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DIY Social Media Marketing Tips For Small Businesses

Updated: Mar 11

At this point, engaging your clients online is just about unavoidable. The first thing a potential customer does when looking for a service-provider is Google it, and a lack of activity online can make potential clients question your legitimacy. Your website, Facebook, Twitter, Instagram, etc. are the face of your business in this modern era. So, unless you own a unicorn of a business that increases revenue every year without sales/marketing/advertising strategies in place, you need to be on top of your social media.

Now, that's a lot easier said than done. Social media infiltrates every corner of this digital age and for someone just starting out their marketing endeavors, it can be overwhelming to decide which platforms to use and how to gain the following you're looking for. Not only that, but you may be asking yourself how much time you really need to devote to promoting your business online and if you're the best person for the job. For many people, hiring someone to handle your marketing just isn't in the budget. That's why this series is going to be filled with tips and tricks to get you started in your quest for leads and visibility online! Getting started is as simple as making a plan and then logging in! The tricky part about giving marketing advice is that each industry and company within that industry could have vastly different methods of achieving set goals. So ask yourself a few questions about your business:​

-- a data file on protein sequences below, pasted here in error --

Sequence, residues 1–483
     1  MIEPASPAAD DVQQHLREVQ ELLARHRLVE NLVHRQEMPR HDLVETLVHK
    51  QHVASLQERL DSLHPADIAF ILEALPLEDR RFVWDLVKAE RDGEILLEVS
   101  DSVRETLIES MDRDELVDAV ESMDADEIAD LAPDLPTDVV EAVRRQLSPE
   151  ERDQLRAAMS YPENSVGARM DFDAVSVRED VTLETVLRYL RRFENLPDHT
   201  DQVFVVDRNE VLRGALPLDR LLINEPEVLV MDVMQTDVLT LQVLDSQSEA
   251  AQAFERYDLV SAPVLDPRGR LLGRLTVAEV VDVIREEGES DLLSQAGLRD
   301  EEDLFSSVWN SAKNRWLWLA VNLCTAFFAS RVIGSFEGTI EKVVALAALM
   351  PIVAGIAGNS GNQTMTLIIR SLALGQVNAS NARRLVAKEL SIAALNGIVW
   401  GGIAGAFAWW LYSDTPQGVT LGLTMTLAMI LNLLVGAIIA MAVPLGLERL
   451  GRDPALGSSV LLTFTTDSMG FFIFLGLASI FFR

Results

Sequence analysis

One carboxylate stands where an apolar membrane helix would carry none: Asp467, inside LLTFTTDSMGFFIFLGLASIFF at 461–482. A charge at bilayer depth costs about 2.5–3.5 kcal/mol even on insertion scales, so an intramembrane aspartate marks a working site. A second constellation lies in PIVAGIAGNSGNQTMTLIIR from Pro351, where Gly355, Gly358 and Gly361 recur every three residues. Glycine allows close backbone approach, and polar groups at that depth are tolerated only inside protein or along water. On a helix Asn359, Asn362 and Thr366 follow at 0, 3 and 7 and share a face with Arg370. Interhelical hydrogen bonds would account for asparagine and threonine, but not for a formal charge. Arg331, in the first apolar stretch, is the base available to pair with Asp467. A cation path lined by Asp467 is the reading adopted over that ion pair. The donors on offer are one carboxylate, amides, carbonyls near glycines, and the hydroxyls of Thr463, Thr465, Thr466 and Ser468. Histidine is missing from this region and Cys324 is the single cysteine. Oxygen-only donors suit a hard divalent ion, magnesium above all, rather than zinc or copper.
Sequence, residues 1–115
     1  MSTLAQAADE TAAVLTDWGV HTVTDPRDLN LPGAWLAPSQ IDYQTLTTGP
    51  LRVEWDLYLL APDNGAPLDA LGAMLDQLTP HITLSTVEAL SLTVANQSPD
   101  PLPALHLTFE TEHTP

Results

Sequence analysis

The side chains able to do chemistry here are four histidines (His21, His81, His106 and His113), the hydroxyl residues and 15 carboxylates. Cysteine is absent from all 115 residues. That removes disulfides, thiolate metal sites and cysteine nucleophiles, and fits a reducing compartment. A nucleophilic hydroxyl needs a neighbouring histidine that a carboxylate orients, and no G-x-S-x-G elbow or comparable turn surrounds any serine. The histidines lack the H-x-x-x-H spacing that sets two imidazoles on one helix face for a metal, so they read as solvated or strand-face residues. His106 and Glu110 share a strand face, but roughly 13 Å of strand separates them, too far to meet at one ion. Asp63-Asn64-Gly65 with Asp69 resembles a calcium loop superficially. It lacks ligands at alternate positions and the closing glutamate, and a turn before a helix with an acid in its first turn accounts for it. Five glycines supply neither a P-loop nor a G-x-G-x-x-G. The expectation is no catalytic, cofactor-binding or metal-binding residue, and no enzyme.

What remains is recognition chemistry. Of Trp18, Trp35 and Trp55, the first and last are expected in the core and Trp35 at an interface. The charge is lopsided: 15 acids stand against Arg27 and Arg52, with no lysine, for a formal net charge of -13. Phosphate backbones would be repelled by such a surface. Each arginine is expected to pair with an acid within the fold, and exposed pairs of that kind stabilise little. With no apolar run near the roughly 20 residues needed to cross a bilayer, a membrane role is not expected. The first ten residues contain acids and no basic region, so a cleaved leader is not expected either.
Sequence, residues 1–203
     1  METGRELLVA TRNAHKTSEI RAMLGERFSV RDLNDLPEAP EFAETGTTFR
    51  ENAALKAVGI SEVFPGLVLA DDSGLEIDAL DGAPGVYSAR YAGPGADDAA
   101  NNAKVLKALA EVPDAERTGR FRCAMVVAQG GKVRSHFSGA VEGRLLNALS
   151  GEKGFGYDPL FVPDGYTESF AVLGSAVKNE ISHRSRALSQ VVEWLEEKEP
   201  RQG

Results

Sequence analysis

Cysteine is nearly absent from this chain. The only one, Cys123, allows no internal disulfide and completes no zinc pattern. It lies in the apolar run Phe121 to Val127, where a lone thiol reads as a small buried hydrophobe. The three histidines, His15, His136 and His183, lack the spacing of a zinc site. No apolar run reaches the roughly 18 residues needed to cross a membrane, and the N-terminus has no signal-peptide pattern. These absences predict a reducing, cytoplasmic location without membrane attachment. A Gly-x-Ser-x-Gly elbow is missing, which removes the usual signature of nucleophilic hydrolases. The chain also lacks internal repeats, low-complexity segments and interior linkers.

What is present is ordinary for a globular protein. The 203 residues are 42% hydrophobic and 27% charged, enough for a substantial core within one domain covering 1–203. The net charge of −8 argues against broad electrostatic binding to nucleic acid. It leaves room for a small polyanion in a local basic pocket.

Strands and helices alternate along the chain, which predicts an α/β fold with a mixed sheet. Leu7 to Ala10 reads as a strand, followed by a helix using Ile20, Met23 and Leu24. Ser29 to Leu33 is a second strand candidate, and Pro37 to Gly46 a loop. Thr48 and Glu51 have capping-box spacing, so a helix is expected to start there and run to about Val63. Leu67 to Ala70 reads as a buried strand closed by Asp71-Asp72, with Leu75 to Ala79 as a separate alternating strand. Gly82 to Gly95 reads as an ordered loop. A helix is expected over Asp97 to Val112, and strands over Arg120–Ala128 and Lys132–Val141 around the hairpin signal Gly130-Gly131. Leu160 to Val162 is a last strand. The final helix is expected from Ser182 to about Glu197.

1. What really sets my business apart from my competitors?

  2. Who is a perfect client for my business?

  3. If I were in the market for a new (whatever service you provide), how would I go about finding a good company to use?

  4. What online platforms are my competitors utilizing effectively?

  5. REALISTICALLY, how much time every week can I dedicate to building my company's online presence?

1. The most fundamental part of creating your goals is to decide what it is about your business that sets you apart from your competitors. These will be the focuses of your campaigns to draw a larger audience. If you can't think of anything you're doing differently, you either need to be reading an article about business plans rather than marketing strategies, or you need to think a little harder. For example, JDog Junk Removal is tasked with regularly engaging its followers with posts about junk removal. What sets them apart is that they are veteran-owned and they've really implemented that quality into their marketing strategy. They've got cool camouflage gear and their posts often feature veteran news rather than solely junk removal content. This opens them up to a much larger audience.